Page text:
Disparate histologic definitions of therapeutic response were reported in prior studies of topical corticosteroids. On the basis of a histologic threshold of <15 eosinophils/HPF, response rates were highly variable, ranging from 50% to 90% of participants.[26,29] Reasons for this variation are being studied, but they may be related to differences in the phenotypic severity of EoE, use of concomitant medications, different doses of corticosteroids or use of corticosteroid formulations that are optimised for oesophageal delivery. Potential genetic variation in corticosteroid metabolism and patient adherence are additional factors that may impact efficacy. In this study, APT-1011 achieved a histologic response <15 eosinophils/HPF in 75% of participants, which supports the effectiveness of the novel delivery system, especially when combined with the observed improvement in endoscopic outcomes.

Although a small number of participants were recruited in this proof-of-concept study to assess the short-term safety of APT-1011, study results show improvements in histology and endoscopy outcomes. The results should be interpreted with a number of considerations in mind. The diagnostic threshold of 24 eosinophils/HPF used in the study exceeded the guideline-based criteria of ≥15 eosinophils/HPF. At the time of this trial, uniform inclusion criteria for EoE trials had not been established. Higher-than-diagnostic-threshold criteria were followed in this trial to reduce the chance of including patients with borderline EoE activity. While we excluded patients with PPI-responsive oesophageal eosinophilia (PPI-REE), a large percentage of patients (66.7%) continued PPIs. The continued use of PPIs in this group of patients may have reflected the presence of concomitant gastro-oesophageal reflux disease. The role of dual therapy is still unclear in the management of EoE and is an area of active investigation. Dysphagia was not a required symptom for the purposes of study inclusion. For entry into this trial, no validated PRO instrument for assessment of EoE symptoms in adolescents and adults was used, as no such instrument was available when the trial was designed. The EEsAI PRO instrument used in this study was in an early stage of development for adult use. One participant in the placebo group violated the study protocol by taking exogenous corticosteroids for lumbar disc disease; this participant exhibited a profound decrease in oesophageal eosinophilia and severity of endoscopic findings from baseline to end of treatment. Finally, patients with PPI-REE were excluded based on 2007 and 2011 consensus guidelines for the diagnosis of EoE.[30,31] The recently published AGREE (A Working Group on PPI-REE) statement removed the PPI response criterion for EoE diagnosis, making PPI-REE part of the EoE spectrum.[4] It remains unclear whether the revised criteria will alter the therapeutic efficacy of medical therapies, as prior trials have excluded patients with PPI-REE.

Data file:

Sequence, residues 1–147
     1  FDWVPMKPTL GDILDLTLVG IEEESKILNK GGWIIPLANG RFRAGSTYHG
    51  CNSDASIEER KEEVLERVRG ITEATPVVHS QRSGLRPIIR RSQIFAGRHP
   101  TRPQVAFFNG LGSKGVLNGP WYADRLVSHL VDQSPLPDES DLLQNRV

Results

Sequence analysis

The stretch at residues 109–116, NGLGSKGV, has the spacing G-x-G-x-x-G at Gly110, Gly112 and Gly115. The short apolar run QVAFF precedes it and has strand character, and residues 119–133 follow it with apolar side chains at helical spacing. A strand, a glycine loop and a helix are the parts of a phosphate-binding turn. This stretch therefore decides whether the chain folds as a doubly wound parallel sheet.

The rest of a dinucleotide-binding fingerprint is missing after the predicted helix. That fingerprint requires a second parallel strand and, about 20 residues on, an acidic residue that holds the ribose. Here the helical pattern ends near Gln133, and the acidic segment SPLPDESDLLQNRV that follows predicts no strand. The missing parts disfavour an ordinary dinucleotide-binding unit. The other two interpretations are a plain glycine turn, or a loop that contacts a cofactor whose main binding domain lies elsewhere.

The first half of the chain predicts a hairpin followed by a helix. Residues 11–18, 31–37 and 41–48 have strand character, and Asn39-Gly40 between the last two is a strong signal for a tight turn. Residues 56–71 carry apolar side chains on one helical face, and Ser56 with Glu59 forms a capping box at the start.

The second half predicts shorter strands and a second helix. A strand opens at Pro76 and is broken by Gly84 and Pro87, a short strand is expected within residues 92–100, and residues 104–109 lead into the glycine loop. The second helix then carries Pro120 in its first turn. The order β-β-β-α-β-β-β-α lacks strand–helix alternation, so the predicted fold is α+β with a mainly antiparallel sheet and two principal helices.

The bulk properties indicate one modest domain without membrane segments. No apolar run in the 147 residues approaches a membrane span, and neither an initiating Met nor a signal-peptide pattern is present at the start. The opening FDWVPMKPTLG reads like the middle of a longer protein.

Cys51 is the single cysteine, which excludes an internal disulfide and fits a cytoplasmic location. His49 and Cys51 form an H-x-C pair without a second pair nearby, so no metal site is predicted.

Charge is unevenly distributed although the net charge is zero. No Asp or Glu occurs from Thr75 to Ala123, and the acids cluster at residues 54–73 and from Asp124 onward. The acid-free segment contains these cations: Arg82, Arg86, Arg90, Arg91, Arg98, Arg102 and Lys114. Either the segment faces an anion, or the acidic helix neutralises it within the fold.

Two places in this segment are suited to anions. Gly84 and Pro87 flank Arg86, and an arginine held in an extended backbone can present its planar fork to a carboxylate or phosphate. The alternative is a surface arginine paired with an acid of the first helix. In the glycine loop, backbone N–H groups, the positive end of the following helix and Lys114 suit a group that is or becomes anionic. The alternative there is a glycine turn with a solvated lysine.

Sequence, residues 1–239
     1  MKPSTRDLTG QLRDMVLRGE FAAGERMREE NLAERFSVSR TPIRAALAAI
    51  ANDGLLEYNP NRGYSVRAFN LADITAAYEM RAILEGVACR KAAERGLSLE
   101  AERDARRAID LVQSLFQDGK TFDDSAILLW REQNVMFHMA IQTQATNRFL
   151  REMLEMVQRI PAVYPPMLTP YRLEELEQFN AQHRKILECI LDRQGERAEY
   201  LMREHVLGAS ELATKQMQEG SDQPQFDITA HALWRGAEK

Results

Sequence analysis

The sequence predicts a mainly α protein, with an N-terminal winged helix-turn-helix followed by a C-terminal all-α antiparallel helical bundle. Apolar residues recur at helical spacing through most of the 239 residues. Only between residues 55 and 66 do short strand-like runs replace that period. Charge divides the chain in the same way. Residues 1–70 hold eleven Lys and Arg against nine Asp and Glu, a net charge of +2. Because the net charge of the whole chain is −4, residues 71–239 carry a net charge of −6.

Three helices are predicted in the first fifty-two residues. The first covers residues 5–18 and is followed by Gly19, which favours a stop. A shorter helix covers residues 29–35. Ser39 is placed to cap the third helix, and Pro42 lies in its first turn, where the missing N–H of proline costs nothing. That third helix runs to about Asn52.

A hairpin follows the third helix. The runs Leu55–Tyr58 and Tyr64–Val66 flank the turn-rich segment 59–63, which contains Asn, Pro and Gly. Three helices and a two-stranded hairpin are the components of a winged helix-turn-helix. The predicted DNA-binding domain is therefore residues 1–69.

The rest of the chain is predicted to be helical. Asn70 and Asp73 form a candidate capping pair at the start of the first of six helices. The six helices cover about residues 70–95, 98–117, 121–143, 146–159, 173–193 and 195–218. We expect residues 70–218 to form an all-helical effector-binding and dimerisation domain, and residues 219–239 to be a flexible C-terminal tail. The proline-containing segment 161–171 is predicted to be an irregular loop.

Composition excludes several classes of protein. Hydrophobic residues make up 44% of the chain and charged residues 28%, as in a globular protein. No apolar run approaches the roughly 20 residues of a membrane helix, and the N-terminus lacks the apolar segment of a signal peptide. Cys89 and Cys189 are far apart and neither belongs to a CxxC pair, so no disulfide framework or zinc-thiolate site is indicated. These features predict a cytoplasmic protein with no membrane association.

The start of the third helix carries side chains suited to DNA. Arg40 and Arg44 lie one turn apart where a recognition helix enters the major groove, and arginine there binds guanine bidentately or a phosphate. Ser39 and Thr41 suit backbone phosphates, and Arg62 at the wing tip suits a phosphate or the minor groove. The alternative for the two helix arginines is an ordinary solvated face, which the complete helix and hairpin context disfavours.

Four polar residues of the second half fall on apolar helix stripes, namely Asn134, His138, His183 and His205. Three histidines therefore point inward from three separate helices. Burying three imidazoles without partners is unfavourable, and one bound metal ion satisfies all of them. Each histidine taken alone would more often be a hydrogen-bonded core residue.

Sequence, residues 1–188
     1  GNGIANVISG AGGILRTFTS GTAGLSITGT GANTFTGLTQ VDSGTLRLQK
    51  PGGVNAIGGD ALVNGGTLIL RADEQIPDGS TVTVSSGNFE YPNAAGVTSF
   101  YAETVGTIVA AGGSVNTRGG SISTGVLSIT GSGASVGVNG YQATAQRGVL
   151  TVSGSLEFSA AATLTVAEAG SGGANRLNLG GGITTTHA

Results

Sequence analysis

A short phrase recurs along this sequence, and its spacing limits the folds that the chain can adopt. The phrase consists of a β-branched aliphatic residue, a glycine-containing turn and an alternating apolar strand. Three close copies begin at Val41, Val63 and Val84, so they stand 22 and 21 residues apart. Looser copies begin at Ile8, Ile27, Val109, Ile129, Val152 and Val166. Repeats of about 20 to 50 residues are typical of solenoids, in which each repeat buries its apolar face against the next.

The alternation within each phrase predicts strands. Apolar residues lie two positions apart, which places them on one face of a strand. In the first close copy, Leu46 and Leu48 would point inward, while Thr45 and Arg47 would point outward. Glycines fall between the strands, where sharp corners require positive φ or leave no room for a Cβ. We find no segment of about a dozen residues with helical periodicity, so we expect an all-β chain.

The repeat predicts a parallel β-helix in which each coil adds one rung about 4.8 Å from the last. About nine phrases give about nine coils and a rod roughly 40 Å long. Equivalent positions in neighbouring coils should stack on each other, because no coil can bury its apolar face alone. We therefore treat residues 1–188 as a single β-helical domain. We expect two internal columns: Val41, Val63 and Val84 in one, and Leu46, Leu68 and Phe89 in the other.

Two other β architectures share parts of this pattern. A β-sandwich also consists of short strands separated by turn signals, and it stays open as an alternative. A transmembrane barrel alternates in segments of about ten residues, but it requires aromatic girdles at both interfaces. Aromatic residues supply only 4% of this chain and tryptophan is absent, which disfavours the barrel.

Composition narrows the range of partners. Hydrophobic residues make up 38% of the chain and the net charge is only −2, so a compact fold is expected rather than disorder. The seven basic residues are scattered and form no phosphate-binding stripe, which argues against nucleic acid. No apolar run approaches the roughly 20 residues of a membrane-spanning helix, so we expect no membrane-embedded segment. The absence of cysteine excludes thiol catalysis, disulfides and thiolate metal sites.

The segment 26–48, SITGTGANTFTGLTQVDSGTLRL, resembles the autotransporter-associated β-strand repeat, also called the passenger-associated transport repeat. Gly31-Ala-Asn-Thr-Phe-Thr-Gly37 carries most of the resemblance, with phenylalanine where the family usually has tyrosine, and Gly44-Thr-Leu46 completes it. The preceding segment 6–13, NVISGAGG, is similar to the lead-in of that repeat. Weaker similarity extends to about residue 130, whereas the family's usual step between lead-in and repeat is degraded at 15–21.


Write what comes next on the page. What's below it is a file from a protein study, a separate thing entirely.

In conclusion, APT-1011, a novel, orally disintegrating tablet formulation of fluticasone, was safe and well tolerated in adolescents and adults with EoE. Exploratory efficacy outcomes demonstrated improvement in both endoscopic and histologic findings as well as symptoms. The results of this study support the continued development of APT-1011 for the treatment of EoE.